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FORT RUCKER, Ala. -- The Fort Rucker Youth Sports program is in dire need of volunteer coaches as it looks to start up team sports again in late August.

With the soccer; flag football; volleyball; and ready, set, run seasons all looking to start in late August, now is the time for people to begin the process of becoming coaches, according to Randy Tolison, youth sports and fitness director.

Demand regularly exceeds supply when it comes to coaches for youth sports, and a shortage of coaches can result in fewer teams being fielded, fewer youth able to take advantage of the program and even less playing time for children who are on teams, he said.

“Sometimes we get started in the season and we just don’t have enough coaches,” Tolison said. “Then we pick up one or two along the way, but by the time we get their background checks cleared, we’re halfway through the season. We encourage all prospective coaches to get in contact with me now, so I can get the information on what they need to do to them so they’re ready to go before the season starts.”

The workload of being a youth sports team coach is heavily frontloaded, but the rewards are great once the season starts and beyond, according to Tolison. Coaches will need to get a background check completed through child and youth services, conduct some training online on general and sport-specific coaching through the National Alliance of Youth Sports.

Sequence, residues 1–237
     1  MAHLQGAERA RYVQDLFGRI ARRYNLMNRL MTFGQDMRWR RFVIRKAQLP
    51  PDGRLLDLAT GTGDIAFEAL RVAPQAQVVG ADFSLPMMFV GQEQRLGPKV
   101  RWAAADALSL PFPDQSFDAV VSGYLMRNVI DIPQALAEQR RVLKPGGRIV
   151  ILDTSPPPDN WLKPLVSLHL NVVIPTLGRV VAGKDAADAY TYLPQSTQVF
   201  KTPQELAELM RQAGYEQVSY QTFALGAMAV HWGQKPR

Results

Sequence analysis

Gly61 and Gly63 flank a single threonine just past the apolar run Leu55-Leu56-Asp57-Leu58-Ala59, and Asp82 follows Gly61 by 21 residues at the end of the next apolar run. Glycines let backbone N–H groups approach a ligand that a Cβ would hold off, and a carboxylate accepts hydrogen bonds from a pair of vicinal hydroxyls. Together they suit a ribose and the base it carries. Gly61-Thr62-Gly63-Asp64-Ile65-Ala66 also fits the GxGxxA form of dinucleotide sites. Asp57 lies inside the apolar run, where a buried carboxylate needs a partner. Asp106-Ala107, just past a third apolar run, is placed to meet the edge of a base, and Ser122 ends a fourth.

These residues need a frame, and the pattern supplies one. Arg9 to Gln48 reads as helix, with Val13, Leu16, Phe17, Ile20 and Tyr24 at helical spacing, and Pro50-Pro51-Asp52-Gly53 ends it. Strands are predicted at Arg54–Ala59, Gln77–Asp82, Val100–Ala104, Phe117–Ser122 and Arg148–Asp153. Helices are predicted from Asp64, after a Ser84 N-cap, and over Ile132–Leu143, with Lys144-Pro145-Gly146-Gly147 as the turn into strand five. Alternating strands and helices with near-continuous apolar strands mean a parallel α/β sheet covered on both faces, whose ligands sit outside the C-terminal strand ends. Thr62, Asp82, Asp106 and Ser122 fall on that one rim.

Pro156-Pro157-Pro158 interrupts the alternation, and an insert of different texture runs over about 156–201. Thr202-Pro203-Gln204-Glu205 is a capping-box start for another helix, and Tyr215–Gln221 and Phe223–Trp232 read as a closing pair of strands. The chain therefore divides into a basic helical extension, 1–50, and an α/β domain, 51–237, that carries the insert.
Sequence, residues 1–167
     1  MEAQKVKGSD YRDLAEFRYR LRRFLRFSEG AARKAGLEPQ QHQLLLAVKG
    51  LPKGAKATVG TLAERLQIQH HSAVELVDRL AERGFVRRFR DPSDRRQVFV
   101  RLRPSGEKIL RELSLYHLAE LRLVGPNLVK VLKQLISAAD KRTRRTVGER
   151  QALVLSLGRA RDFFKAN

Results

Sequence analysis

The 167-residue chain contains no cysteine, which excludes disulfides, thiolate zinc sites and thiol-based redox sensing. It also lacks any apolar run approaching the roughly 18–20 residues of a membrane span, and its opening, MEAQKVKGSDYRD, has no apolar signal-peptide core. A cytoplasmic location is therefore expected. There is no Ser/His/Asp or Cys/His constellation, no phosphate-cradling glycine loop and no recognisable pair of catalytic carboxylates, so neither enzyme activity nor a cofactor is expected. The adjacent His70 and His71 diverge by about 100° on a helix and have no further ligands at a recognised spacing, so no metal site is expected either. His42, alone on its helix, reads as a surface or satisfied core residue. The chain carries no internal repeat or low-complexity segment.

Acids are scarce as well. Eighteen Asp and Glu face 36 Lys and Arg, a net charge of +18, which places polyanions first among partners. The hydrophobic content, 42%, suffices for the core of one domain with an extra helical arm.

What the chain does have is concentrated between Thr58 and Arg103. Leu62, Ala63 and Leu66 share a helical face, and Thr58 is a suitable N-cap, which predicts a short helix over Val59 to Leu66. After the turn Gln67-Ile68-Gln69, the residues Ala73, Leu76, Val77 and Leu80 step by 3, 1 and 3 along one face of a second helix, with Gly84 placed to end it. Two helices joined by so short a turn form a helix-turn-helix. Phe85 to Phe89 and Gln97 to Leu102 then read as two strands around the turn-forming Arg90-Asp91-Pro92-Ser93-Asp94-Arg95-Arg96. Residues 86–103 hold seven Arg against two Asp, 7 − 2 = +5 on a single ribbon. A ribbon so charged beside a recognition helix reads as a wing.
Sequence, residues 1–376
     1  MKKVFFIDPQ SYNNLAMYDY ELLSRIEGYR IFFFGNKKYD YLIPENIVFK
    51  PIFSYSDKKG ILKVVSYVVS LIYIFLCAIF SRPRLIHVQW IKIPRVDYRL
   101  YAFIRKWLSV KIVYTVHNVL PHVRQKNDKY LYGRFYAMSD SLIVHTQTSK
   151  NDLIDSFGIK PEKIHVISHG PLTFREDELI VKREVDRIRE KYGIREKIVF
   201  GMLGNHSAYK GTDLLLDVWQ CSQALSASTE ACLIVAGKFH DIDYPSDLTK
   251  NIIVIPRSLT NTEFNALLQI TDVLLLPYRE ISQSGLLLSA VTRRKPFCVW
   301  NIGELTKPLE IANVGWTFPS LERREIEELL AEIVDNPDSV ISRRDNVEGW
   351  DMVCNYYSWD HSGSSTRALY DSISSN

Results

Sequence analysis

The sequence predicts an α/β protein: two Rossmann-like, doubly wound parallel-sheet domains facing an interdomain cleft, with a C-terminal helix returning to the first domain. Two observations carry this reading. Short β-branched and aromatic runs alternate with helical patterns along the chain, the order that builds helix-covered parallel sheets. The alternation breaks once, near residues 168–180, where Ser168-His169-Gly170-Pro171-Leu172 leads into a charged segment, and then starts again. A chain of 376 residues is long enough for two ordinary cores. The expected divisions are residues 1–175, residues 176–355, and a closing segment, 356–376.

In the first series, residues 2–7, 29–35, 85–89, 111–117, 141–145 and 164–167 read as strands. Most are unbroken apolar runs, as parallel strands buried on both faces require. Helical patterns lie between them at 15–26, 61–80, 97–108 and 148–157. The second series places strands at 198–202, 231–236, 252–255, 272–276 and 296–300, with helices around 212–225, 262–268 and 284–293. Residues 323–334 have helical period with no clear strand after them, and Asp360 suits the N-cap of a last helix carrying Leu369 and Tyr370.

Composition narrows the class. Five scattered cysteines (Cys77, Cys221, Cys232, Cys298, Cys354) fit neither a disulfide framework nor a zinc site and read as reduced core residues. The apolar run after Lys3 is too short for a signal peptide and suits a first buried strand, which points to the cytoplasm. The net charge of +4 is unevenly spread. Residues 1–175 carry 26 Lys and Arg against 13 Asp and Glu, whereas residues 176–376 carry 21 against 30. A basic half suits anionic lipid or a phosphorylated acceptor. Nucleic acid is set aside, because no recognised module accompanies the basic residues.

“The starting part is a little bit intense as far as getting the training and background check done – that is the hardest part,” he said. “Once the season starts, we give you a practice schedule, a game schedule, rosters – all you have to do is contact the players and tell them when and where practice will be held.”

The rewards include watching children develop, impacting that development and helping to provide a valuable experience for the youth of the Fort Rucker community, Tolison added.

“The value of volunteer coaches is indescribable,” he said. “Our youth would not be able to play if we didn’t have volunteer coaches. We want every child to have this experience, but unfortunately, sometimes we come up short on coaches and we end up having to put too many youth on one team – that makes it a burden for the coach and the kids because it cuts into their playing time.”

Prospective coaches don’t need to be an expert in their chosen sports, Tolison said.

“If they think they’re not knowledgeable enough about a sport, there’s no need to worry,” he said. “All of our coaches are certified through the NAYS. They do their training through NAYS online – orientation to coaching, coaching of a specific sport and also concussion training. Still, some people may think, ‘I just don’t know if I can do it.’ Well, we have staff that can go out and give them a boost, and maybe get them some one-on-one training as to what they can and can’t do, and what they should and shouldn’t do. Our coaches are one of the most valuable contributors to our program other than the kids themselves, but we can’t have the kids if we don’t have the coaches.”

People interested in helping Fort Rucker youth by becoming a volunteer sports coach should get in touch with Tolison as soon as they can. He can be reached at 334-255-2254 or 334-379-1355, or by visiting youth sports in Bldg. 8950 on Seventh Avenue.